It hurts.  I can’t help it.  I feel wounded by her posturing.  Her revulsion.  Her aversion.  It’s an old wound now, scarred over and reopened by her sharp looks and high-pitched screeches over the last 18 months.  It’’s raw right now.  Because she is triggered by Carly too.  And every time she hurts my adult feelings, every time I must reach deep into the best, most mature part of myself to process this hurt and turn it into much-needed compassion for my glowering daughter, I think of Carly.  Her inability to process.  Her young spirit, and what this rejection must be teaching her about herself.  The complexity of the emotions swirling around our dinner table is nauseating.

I retreat to the dining room, and we eat, minus one.  While we eat, I struggle to pull my mind out of the next 10 years.  How will we survive this?  What will this do to us?  What will happen to my little girls?  To me?  I look at Rick, my eyes communicating my desperation.  He tries to ground me into the moment.  “Take a bite.  It’s just dinner,”  his eyes say, pleading.

It doesn’t feel like just dinner, it feels like our whole lives are being swallowed by this crazy, mysterious misophonia.

Sometimes, I can not keep the monstrous fear at bay and  I lose it.  Most of the time, it looks like anger.  I rant. I watch Stella’s eyes widen as she hears, “I’m so damn sick of this shitty behavior!”   The words taste terrible as I spit them out, aware of their sharp edges.     This extra loss of control  must do wonders for all three of my girls’  already tender, aching spirits.  Their appetites.   Being angry with Lydia is like being angry when a wounded animal snarls at you.  She is hurting, I know this.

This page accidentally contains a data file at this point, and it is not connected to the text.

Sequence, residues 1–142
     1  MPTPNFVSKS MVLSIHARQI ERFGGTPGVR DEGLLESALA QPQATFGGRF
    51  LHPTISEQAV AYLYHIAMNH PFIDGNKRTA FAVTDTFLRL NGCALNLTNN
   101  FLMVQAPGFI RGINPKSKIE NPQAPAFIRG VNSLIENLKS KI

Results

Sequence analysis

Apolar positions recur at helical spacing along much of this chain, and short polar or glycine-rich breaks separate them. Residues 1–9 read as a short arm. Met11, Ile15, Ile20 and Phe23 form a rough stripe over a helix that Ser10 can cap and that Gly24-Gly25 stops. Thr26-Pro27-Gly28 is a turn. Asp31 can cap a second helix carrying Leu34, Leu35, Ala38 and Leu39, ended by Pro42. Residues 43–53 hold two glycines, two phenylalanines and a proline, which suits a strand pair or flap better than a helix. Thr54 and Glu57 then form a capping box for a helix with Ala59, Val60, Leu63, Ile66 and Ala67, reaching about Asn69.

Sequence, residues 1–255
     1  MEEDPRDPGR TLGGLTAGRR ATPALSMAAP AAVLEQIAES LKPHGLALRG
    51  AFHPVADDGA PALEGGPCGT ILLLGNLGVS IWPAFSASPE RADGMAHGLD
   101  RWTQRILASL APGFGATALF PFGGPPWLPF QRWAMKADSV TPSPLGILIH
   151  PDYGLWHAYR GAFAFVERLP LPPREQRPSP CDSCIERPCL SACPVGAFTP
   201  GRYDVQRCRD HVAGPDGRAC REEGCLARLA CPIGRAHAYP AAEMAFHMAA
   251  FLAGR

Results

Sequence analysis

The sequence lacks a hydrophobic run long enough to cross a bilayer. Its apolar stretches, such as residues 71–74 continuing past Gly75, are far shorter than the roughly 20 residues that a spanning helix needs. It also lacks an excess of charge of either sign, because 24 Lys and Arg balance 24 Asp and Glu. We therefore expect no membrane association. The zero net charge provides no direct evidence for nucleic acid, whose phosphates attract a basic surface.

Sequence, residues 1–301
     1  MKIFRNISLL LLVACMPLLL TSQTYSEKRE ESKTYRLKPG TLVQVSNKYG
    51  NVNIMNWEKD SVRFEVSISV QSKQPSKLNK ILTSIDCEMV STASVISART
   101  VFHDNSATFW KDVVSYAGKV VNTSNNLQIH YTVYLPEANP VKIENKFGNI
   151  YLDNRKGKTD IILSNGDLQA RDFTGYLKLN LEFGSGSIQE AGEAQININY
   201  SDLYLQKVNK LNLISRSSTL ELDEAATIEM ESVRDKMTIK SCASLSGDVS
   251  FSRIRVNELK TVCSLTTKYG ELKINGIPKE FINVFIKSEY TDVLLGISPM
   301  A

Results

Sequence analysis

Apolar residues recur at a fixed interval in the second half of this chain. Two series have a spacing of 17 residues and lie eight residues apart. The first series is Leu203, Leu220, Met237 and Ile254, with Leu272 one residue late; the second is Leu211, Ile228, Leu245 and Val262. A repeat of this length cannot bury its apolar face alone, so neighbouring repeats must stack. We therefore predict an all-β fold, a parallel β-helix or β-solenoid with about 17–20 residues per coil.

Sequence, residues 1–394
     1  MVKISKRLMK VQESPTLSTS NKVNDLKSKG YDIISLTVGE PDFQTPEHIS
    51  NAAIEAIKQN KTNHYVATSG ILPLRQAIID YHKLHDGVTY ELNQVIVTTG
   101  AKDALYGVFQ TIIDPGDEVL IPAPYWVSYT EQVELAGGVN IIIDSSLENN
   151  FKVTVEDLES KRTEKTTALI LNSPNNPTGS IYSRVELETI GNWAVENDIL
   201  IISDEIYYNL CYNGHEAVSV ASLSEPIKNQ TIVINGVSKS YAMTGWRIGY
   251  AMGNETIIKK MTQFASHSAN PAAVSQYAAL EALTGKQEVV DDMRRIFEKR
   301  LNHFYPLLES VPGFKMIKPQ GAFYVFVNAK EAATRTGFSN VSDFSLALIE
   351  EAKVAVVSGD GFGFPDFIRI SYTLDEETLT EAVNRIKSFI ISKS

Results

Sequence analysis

Sometimes, the tears just roll, drip into chicken orzo pasta, and everyone acts like they don’t notice.

Sometimes, we pretend it isn’t happening.  We spend the meal sharing things we are grateful for in a clockwise, orderly fashion.  Stella gets up, runs to the kitchen, and makes Lydia lift her headphones and give her grateful words so she can report to the group.  The grateful list is building up, the room tightening with tension.

After dinner, when the clicking of the silverware against the plates stops, when the sight of Carly chewing her dinner is gone, when the sound of me taking a sip of water is over, Lydia goes into sweetheart mode.  She is throbbing with guilt and shame, she is not oblivious to the pain she is causing.  She snuggles up to me, she brings me school papers with great marks, she sweetly engages with Stella, offering to help her get her pj’s on. She tries to make Carly laugh.   She leaves us love notes, to smooth out the hurts.